How many gadgets are de rigueur these days? I’m considering upgrading from my “dumb phone” to a smart phone, and I’m tempted to try an e-reader. At the same time, I’m troubled by the unspoken reality: we gadget people are an elite minority, a society of first-world people who have access to a network and its benefits that others don’t have. Or do we really believe that the entire world will soon be “like us,” connected into one happy progressively social network?
The other day on St. Peter’s Square, Pope Francis embraced a man suffering from a disfiguring disease called neurofibromatosis, which causes tumors to grow all over the skin. The pope’s action had a stunning, parable-like clarity, evoking Gospel stories of Jesus reaching out to the sick and marginalized.
In The Sea and the Mirror, W.H. Auden audaciously wrote new poems in the voices of each character in Shakespeare’s The Tempest, all set after the action of the play concludes. The result is a work both wonderfully reverent and plainly modern—you might even call it modern in its reverence.
I would have hoped that anyone presuming to put out a book called A New New Testament would borrow Auden’s approach and give us a genuine literary and theological invention.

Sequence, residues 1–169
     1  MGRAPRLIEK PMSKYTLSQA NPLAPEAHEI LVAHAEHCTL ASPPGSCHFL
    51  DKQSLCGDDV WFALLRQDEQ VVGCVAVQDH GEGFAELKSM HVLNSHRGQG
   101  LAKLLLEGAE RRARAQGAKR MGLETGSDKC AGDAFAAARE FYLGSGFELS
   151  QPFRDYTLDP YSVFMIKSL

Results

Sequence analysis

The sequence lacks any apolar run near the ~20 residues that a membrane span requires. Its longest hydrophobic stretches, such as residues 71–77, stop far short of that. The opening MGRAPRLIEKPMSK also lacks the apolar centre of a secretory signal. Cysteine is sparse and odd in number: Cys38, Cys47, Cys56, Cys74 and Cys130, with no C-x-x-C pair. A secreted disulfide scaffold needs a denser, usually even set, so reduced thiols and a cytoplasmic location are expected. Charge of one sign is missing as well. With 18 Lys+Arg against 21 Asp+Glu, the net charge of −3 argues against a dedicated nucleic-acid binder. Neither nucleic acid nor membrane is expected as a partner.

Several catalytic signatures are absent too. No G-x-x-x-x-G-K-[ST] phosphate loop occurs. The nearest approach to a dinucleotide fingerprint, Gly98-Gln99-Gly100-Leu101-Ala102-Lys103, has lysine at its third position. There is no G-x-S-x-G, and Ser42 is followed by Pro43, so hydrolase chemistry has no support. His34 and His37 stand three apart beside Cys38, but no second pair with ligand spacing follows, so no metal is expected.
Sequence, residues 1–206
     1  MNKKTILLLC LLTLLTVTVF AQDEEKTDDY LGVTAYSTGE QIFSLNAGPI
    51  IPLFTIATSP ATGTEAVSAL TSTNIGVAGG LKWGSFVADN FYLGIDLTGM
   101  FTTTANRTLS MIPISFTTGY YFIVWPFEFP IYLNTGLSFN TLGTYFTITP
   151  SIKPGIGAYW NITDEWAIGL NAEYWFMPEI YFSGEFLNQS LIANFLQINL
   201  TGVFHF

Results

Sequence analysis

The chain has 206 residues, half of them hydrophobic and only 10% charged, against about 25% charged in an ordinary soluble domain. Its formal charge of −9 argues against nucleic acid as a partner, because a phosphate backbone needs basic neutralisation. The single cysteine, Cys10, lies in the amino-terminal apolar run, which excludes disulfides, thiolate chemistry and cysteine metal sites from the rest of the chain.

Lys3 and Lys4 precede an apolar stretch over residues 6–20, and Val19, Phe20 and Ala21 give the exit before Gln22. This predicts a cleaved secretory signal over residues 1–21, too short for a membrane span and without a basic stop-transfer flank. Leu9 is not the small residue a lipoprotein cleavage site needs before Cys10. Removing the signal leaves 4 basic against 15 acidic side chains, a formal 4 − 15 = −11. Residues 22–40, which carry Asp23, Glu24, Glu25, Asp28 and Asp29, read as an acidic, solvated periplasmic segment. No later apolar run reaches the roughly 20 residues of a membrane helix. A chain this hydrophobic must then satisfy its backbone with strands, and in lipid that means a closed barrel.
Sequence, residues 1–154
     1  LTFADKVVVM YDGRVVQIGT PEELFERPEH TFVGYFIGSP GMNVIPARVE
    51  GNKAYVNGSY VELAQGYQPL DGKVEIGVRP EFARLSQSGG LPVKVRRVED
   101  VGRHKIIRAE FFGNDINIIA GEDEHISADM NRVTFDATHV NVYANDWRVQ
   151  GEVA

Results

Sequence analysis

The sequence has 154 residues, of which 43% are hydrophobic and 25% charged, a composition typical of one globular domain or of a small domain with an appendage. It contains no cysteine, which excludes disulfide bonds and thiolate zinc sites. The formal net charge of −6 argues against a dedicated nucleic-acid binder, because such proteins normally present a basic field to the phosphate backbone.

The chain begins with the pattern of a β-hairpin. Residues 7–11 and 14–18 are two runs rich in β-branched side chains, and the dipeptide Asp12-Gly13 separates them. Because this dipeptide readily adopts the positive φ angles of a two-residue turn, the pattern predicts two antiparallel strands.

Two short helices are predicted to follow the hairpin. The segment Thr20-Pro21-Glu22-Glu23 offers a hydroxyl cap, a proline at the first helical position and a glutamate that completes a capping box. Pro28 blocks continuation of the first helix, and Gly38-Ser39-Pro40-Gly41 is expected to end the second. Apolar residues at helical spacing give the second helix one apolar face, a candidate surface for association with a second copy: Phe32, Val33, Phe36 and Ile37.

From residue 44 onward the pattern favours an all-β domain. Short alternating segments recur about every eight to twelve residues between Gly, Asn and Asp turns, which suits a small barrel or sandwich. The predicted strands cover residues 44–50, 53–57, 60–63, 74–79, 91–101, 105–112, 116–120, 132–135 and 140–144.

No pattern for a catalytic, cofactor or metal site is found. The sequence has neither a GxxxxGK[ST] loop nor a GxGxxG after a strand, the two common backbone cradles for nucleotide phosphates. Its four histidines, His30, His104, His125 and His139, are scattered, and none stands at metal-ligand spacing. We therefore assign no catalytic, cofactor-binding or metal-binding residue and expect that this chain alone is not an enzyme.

Taras Grescoe is a straphanger: he prefers and relies on public transportation for day-to-day travel. He’s not hesitant to use a car occasionally, but he’d rather be on a train, bicycle or just on foot.
My Lenten practice has almost involved some kind of endurance. As a child I usually gave up something like chocolate or sweets. My practice evolved into committing to walk to the grocery store or buy nothing but food or, one year, give up plastic.
But regardless of what I took on or gave up, I have always intended for this to last through all of Lent. The practice ends—or finds a new form—at Holy Week, and the endurance test ends with it.
This year, Lent has an entirely different rhythm for me—because of a book by writer and Benedictine oblate Paula Huston.
A crime is committed at the round house, a sacred Ojibwe space on a North Dakota reservation. Immediately victim Geraldine Coutts and her family see their lives change; while she retreats to her room and into silence, her husband begins to second police in their investigation.
“Anyone who reads independently and spiritedly is going to carry an eclectic canon around in his head,” writes Christian Wiman. “That is half the fun of it all.”
For the past five years or so, I have had the responsibility of coming up with the novels to put on the Century’s list of Christmas picks for fiction. At first I was baffled by this job. Did I have to read every new book?